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A Lot Like Christmas: Stories Paperback – October 10, 2017
"Rebound" by Kwame Alexander
Don't miss best-selling author Kwame Alexander's "Rebound," a new companion novel to his Newbery Award-winner, "The Crossover,"" illustrated with striking graphic novel panels. Pre-order today
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“A perfect stocking stuffer for Christmas—celebrating fans of [Connie] Willis’s humorous SF.”—Publishers Weekly
“A collection of Christmas stories with just the right blend of sugar and spice . . . sweet and sharp, whimsical and heartfelt, funny and warm . . . Fans of Willis’s gently comic speculative fiction will love this collection, and it will also appeal to readers looking to get into the holiday spirit.”—Kirkus Reviews
About the Author
Connie Willis is a member of the Science Fiction Hall of Fame and a Grand Master of the Science Fiction and Fantasy Writers of America. She has received seven Nebula awards and eleven Hugo awards for her fiction; Blackout and All Clear—a novel in two parts—and Doomsday Book won both. Her other works include Crosstalk, Passage, Lincoln’s Dreams, Bellwether, Impossible Things, Remake, Uncharted Territory, To Say Nothing of the Dog, Fire Watch, and Miracle and Other Christmas Stories. Connie Willis lives with her family in Colorado.
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Willis’s writing style is fairly straightforward. Her prose is concise and informative, with nothing superfluous or, on the opposite side of the scale, inadequate or distracting. The characters are a mixed bunch when it comes to personality and motives, but all with the exception of one or two are relatable, likeable, and even endearing. Where this collection really shines is in the content of the stories themselves. Willis has a deep knowledge of Christmas, which she displays in many of the stories in the form of miniscule details or through the sheer breadth of her knowledge. For example, All Seated on the Ground is a journey through decades of holiday music, with nuanced references to particular passages that relate directly to the story. As for the science fiction angle, you’ll encounter aliens; Ghosts of Christmases Past, Present, and Yet to Come; advanced Christmas decorating technology; and even the biblical parents who risked everything for their unborn child.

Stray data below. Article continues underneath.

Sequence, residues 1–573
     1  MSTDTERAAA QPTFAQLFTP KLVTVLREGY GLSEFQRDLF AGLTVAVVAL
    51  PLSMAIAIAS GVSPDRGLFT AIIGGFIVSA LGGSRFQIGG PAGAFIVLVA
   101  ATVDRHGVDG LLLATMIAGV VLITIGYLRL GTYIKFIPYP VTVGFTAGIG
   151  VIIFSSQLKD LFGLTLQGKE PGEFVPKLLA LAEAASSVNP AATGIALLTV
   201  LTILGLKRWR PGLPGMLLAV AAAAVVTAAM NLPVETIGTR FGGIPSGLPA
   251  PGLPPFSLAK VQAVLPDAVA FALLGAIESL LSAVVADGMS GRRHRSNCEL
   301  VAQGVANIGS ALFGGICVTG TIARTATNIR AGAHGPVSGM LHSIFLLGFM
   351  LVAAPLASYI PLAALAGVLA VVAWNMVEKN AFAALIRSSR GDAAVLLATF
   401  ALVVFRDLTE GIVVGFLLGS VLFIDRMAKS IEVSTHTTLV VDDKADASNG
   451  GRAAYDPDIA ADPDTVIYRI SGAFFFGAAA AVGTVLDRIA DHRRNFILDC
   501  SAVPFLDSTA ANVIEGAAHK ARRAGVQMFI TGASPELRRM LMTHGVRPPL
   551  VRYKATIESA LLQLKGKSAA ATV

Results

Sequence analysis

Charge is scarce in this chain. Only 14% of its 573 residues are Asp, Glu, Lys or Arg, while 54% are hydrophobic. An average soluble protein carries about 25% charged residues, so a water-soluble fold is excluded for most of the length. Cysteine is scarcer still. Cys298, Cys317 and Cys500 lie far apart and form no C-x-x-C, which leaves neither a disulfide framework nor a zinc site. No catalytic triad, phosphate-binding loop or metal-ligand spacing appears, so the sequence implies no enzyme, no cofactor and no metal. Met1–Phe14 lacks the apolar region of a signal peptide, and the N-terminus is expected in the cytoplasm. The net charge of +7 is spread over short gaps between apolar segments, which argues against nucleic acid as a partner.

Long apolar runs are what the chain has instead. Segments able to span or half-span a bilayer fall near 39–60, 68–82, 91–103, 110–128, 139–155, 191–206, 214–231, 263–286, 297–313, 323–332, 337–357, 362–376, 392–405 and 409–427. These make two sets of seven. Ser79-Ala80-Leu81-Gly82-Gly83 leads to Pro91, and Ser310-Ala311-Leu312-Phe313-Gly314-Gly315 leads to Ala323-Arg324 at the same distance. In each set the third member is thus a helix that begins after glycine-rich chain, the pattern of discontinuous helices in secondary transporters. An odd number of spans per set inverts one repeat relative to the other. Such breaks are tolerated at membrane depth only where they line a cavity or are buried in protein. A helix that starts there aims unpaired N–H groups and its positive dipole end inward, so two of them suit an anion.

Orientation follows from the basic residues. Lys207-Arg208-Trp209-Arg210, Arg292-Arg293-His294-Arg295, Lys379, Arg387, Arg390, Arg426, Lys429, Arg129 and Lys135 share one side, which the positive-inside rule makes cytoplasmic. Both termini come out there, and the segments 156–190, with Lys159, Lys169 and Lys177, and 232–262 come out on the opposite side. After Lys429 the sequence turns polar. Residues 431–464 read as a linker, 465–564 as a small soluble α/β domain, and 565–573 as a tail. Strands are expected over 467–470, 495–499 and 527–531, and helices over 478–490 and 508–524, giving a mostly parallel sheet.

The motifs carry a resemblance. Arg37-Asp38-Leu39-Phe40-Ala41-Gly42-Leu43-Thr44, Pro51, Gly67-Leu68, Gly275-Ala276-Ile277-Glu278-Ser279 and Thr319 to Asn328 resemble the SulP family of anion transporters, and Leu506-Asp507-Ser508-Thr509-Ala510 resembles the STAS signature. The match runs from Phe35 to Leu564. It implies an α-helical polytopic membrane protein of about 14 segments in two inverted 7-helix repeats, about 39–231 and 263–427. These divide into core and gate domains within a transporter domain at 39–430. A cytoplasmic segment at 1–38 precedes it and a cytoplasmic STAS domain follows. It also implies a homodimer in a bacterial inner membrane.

While Willis’s holiday knowledge—or at least her ability to research—is impressive, there are times when the magnitude of details piled onto the reader almost becomes a burden and the stories themselves far too long. All Seated on the Ground is, again, a good example. Apart from all other stories in the collection, this one struck me as far too long with an ending which is not very satisfying. At times, it seemed Willis was extending the narrative simply to justify the amount of time she must have spent sifting through holiday verses.
One of the more enjoyable stories was Cat’s Paw, which is a mystery in the spirit of a Hercule Poirot novel. A visit to a country estate where apes and other primates have been given the ability to speak soon turns into a whodunnit murder mystery where it seems everyone in attendance has some motive. Good thing the renowned Inspector Touffet is on the guest list. Soon the game is afoot and a murderer revealed, but only after much intrigue and a series of misdirections lead everyone but Touffet down the wrong path.
If you’re looking for something beyond the traditional Dickens to read this holiday season, A Lot Like Christmas may fit the bill for you. Despite a couple of the stories feeling like duds to me, I’m giving it four rockets because there are many more stories I enjoyed than not, and even a few which stand out as holiday gems that I’d love to read each and every year.
A Lot Like Christmas is an expanded edition of Willis’s previous publication Miracle and Other Christmas Stories and includes an additional five stories that have not been published until now. Willis writes with spunk and intertwines humor and science fiction and the result delightful storytelling that entices readers to read each chapter of the 17 stories that are succinct of 10 to 40 pages. Regardless of the length of each short story, it is the unique characters and how they engage in the most interesting conversations; one may think they have heard much interaction and subject matter before in one’s own memorable Christmas topics such as in the first story “Miracle” where the center of the debate is with which Christmas classic is the best between “It’s a Wonderful Life” to “Miracle on 34th Street.” And that is not the end of it, typical of holiday gatherings and when everyone is a part of, especially the song selections of a Christmas carol or a standard. Willis reminds readers that a contemporary and modern day Christmas would not be Christmas without Radio City and the Spectacular of the Rockettes. But she takes a respite of the array of popular culture and tells an endearing story called “Inn” that mentions where the holiday first began with Joseph and Mary.
Every story may appeal to the reader young or old because each story has a contemporary trait of timelessness. A few of the stories show their date because of the material references of more than a decade ago, while others simply have a unique quality in its own time and place. A perfect book read, especially during the busy holiday season cuddled in a soft chair with a cup of coffee, tea, or cocoa and carols playing in the background or even better before viewing “It’s a Wonderful Life” or “Miracle on 34th Street.”